With current “big issue” blows hitting our environment both north and south (dredging spoils in the Great Barrier Reef, winding back Tasmania’s World Heritage areas), talking about litter may appear trivial. Yet our planet suffers from the cumulative effect of discarded waste: items like plastic bags and balloons. And we can do something about it. Some of this waste can be avoided, but it will take awareness, effort, and probably legislation.
Late last year, a petition lodged in the Queensland Legislative Assembly called for a ban on the mass release of helium balloons. Talk about unlucky timing. The story suffocated underneath the silt-like slurry of the week’s big environment story, that Environment Minister Greg Hunt had approved the major expansion of a coal port at Abbot Point. In comparison, balloons seemed beyond trival. The issue didn’t even raise enough hot air to rustle up the usual chorus of “nanny state” calls.
But the balloon release campaign raises an important – if not so eco-dramatic – point about sustainability. Rubbish. Particularly, legitimising litter. What happens when balloons are released? Don’t they just go up, up, and away? Away? There is no “away”. A flock of balloons makes pretty litter. They rise. Some fall to land or sea whole. Others shatter at altitude, and smaller pieces return.
Industry asserts these fragments are benign. The phrase rolling around the Internet sounds like this: “Balloons decompose at the same rate as an oak leaf.” The balloon lobby has been enlightening local councils with this nugget since the late-1980s, when this “oak leaf” study was commissioned. (By Du Pont.) A researcher dried balloon pieces then left them outside, in earth and in water, for six weeks. The balloons did not decompose completely by the end of the study: they broke into smaller pieces.
Last year, at the University of Queensland Moreton Bay Research Station on Stradbroke Island, I observed Honours student Lauren Roman conduct necropsies on seabirds found dead along the coasts of Queensland and northern NSW. These birds showed signs of malnutrition. All had plastic fragments in their stomachs. Some contained pieces of balloon. One shearwater’s gut was so full of balloon fragments they had backed up its esophagus. I do not doubt that this bird starved to death because its stomach was stuffed with fragments of latex balloon, leaving no space for real nourishment.
Balloon debris is deadly litter.
But hang on. My kids have a right to fun and wonder. My loved ones have a right to celebrate my life by releasing latex helium-filled balloons at my funeral. Banning balloons? That’s demonising the universal symbol for “party”. What’s next for the fun police? Face painting?
Understandably, the Balloon Artists and Suppliers Association (BASA) rejects calls for a balloon release ban. BASA’s Queensland president Gunter Blum believes a ban would affect “a thousand (balloon) suppliers in Queensland.”
It’s not about the actual ban, he adds, rather a knock-on “perception that helium balloons are bad.” BASA wants to do the right thing. Their guidelines encourage responsible releases: no plastic ties, degradable string. They also want to sell balloons.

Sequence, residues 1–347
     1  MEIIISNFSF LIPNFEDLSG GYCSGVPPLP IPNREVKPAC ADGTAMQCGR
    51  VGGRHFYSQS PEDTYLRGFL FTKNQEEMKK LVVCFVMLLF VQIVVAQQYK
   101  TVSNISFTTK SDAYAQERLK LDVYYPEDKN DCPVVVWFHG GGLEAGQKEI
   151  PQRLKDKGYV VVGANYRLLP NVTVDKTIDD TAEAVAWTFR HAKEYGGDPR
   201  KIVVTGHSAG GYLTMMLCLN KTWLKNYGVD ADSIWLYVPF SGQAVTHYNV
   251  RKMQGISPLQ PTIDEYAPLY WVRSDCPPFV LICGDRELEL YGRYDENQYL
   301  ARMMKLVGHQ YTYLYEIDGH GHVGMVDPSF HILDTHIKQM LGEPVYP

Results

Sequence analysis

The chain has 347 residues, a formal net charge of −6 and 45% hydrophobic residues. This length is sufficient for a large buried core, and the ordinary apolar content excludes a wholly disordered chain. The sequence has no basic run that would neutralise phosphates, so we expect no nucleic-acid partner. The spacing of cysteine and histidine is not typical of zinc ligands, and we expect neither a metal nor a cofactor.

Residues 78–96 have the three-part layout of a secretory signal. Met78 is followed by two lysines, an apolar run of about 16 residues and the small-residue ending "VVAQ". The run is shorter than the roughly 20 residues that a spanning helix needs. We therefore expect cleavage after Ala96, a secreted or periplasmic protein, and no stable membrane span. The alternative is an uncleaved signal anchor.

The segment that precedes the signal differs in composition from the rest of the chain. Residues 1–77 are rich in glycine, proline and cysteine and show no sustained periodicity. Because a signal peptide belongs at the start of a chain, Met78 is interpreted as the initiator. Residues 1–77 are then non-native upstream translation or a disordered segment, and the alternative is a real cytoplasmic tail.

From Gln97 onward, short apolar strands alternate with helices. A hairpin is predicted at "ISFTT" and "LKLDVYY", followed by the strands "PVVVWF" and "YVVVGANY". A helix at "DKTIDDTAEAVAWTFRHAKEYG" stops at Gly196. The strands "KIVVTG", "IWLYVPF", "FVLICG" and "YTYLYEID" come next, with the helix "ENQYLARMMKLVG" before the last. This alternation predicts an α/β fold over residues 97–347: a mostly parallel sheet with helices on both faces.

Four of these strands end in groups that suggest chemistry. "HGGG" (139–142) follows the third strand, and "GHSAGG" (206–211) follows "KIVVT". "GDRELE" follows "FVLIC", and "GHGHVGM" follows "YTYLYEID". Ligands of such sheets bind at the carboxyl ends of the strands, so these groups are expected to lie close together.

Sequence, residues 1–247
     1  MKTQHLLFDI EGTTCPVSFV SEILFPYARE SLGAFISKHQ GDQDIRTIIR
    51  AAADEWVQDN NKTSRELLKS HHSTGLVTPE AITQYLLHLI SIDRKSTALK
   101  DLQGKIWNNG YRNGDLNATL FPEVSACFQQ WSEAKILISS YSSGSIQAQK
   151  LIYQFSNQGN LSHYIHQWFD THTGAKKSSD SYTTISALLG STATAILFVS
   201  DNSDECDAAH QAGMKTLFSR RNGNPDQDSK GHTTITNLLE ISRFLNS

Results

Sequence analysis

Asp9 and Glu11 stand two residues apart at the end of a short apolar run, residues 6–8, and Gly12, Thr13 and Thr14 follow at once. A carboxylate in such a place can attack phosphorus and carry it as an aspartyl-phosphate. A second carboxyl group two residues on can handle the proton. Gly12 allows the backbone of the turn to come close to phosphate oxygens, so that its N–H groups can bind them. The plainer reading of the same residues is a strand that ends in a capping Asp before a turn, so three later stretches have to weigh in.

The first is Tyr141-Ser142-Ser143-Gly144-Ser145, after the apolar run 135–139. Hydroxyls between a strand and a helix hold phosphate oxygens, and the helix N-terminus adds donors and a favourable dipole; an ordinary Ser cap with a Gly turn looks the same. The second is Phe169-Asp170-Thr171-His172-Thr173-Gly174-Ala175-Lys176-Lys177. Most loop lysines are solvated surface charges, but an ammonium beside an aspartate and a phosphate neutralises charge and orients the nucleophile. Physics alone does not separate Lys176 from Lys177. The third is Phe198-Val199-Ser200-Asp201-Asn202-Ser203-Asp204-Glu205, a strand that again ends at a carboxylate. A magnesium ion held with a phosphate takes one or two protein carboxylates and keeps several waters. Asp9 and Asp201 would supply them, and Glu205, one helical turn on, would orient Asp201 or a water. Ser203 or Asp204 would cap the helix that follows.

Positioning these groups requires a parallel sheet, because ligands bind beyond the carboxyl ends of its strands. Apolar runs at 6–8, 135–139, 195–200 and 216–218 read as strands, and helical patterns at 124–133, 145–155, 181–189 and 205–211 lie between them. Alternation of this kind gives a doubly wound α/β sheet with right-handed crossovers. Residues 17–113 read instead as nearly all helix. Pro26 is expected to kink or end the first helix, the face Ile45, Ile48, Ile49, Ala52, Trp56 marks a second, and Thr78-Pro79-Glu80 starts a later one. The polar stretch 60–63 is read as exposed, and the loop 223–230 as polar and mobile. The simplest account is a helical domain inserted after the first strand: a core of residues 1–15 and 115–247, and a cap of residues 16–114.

Addressing the petition, Environment Minister Andrew Powell acknowledged balloons “have potential to create an environmental impact… (particularly) in the marine environment where they may be eaten by turtles and other animals.” Powell’s position is that a ban is not the best way to address this, preferring to invest in “education and awareness, along with partnerships with industry sectors and peak bodies such as the Balloon Artists and Suppliers Association” as the most effective way to reduce balloon litter. However, Blum concedes that, at 26 members, BASA does not have the ears of the large majority of balloon suppliers. With such low industry representation, the government would not be dealing with the majority of balloon sellers.
Keep Queensland Beautiful CEO Rick Burnett believes this is a litter issue. “Helium balloons are litter about to happen,” he says. “Litter is an environmental problem that is growing with population growth and lack of awareness. Helium balloons are one of many forms of litter.” New South Wales banned releases of more than 20 balloons years ago. So has the Sunshine Coast Regional Council, due to concern about the impact of balloon debris in the marine environment.
Superfluous regulation is this government’s avowed bête noir. (Unless, of course, you’re a bikie.) The Environment Minister doesn’t want a ban. Yet legitimising the mass release of helium balloons by NOT banning them gives a covert message to the public that it’s ok to litter.
Balloons are not bad. Letting them go is.
I’d extend a ban to halt handing out free helium balloons for any public promotion. Did anyone who attended last year’s Ekka count the number of escaped LNP balloons rising skyward? I gave up at 50. Where did that litter all go? Even BASA concedes that balloons escape. Of 1500 balloons they handed out a recent tunnel launch, Blum counted 113 on the roof of the tunnel a couple of hours later. Lucky the tunnel had a roof.
Releasing helium balloons is littering. We prosecute other forms of littering. Why legitimise this shiny one? Caroline Gardam is a Queensland writer and ethical marketer. Last year, she worked with Queensland Conservation to launch the Plastic Bag Free Queensland campaign.
It’s happening. I may be turning into a semi-hipster.
It’s the craft thing, see.
It started with an innocent workshop at the local library.